Articles in The 'google-display-network' Tag


July 18 2011

Introducing Topics Targeting Through Google AdWords

by Anne Garcia

Google AdWords has introduced a new way to put your ad in front of users who are likely to buy your product or service through Topics. As its name suggests, Topics allows you to target visitors of certain pages based on the topic of the page. Google will place your ad on pages of Topics that you have specified.

In order to categorize a specific page, Google uses keywords, frequency of words, font sizes, word placement and/or linguistics/language on the page. Google targeting is done at the page level, and not the domain level.

Topics can be found in a tab under “All Campaigns’. Please note that you may have to click the additional “Show tabs’ button to add Topics to your campaigns.

Introducing Topics Targeting Through Google AdWords

Below is a snapshot of the different topics that are available. You can also select topics by using a keyword search.

Introducing Topics Targeting Through Google AdWords

You must enable your campaign to be seen in the Google Display Network and can use both banner and text ads for Topics campaigns. I would recommend creating a separate campaign for Topics so that you can allocate a separate budget. You can also add keywords in addition to topics for more precise targeting.

Contextual Targeting by Topic is a great match for your campaign if you are looking to reach a broad audience quickly, have a flexible campaign budget and are looking to significantly increase traffic and exposure to your site.

December 15 2010

Define Remarketing Ads

by Anne Garcia

Remarketing allows you to show banner ads to previous visitors of your website as they browse other sites throughout the Web. How it works: you add a tracking pixel to your website which will allow your ad to be shown to visitors once they are no longer on your website. The websites must be within the Google Display Network for your ad to be displayed; some site examples are AOL.com, YouTube, Business.com, NYT.com and many more.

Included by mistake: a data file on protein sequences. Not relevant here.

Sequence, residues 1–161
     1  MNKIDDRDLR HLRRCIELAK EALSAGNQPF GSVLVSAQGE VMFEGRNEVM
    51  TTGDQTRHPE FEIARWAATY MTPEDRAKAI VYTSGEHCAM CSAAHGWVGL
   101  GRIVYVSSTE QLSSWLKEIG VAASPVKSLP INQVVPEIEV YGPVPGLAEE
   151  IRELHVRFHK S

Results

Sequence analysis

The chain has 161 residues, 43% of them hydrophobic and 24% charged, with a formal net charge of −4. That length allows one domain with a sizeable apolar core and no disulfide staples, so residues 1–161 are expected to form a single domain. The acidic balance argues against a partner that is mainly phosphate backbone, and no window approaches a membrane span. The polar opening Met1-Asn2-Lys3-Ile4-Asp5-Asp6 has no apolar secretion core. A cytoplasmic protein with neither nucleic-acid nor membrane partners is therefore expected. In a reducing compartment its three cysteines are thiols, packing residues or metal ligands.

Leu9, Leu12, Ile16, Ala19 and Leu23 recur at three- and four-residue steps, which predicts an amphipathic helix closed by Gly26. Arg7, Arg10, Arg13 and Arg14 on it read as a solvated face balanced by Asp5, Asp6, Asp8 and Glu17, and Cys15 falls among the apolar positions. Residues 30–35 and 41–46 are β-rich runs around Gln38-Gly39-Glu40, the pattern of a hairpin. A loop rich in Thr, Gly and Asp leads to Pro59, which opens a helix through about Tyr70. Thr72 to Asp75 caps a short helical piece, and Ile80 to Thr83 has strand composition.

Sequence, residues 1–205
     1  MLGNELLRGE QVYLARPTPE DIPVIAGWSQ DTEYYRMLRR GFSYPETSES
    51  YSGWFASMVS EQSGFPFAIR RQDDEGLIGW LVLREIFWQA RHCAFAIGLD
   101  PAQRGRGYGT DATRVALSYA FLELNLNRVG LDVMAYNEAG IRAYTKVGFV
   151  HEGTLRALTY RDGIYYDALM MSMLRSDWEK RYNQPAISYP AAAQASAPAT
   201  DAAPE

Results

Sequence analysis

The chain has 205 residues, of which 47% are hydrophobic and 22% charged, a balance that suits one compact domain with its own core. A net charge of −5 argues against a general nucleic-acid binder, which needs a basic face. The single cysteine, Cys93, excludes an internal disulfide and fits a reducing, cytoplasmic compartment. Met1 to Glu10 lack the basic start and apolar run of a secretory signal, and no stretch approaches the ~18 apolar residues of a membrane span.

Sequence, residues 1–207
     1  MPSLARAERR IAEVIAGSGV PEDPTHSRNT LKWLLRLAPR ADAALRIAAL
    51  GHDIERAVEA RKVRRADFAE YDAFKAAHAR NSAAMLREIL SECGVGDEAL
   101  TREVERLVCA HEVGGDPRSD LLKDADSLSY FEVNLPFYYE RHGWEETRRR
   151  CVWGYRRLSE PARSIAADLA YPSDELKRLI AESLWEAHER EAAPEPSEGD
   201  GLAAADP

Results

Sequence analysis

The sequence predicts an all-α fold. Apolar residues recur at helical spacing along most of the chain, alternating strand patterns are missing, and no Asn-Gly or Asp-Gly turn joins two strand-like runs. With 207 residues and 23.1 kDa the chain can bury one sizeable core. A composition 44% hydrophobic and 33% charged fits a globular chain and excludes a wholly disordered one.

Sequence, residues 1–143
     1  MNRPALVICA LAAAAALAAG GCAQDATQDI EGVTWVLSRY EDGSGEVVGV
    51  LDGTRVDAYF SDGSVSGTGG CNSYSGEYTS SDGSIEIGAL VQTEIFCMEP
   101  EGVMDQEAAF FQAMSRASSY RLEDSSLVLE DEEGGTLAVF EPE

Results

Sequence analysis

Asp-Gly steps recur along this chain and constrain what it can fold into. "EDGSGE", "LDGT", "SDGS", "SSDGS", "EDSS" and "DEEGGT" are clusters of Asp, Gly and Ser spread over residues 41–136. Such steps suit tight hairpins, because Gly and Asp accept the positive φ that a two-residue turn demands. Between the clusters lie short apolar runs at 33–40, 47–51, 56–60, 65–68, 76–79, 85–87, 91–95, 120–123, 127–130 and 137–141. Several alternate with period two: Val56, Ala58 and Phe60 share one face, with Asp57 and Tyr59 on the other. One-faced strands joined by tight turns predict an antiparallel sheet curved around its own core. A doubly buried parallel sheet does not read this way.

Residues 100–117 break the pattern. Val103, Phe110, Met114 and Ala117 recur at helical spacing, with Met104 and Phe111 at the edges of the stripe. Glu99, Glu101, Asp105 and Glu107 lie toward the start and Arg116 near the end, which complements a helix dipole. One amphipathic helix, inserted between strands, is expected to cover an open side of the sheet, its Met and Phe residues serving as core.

You can set up different tracking pixels to remarket to different types of visitors to your site. A few examples are: tracking customers who get to your homepage and leave immediately, visitors who add items to a shopping cart on your site, but do not complete an order, or visitors viewing specific pages on your site, among others.

You can also create separate messaging for each type of visitor to your site. For instance, if a visitor viewed a product page containing gift baskets and didn’t complete an order, you can create a banner ad with specific messaging related to gift baskets to be shown to this visitor on other websites.  You can even set up a tracking pixel to target customers who have made a purchase on your site and your banner ad can invite them to make another purchase with a special discount or promotion.

Think that your ads may be a little too intrusive? No problem, you can set daily frequency caps so as to not bombard visitors. Keep in mind that it takes a user approximately seven views to take action on an ad.

Remarketing allows you to reach more qualified potential customers because these visitors have already shown an interest in your product or service. Most websites that have implemented Remarketing ads have seen an increase in overall conversions and increased brand exposure.
The campaigns are easy to set up and work like other Pay Per Click (PPC) campaigns, where you only pay for ads when a customer clicks on them. Because Remarketing is a PPC model, you can see conversions when a customer only views your ad and returns via organic search or direct traffic, at no added cost to you!

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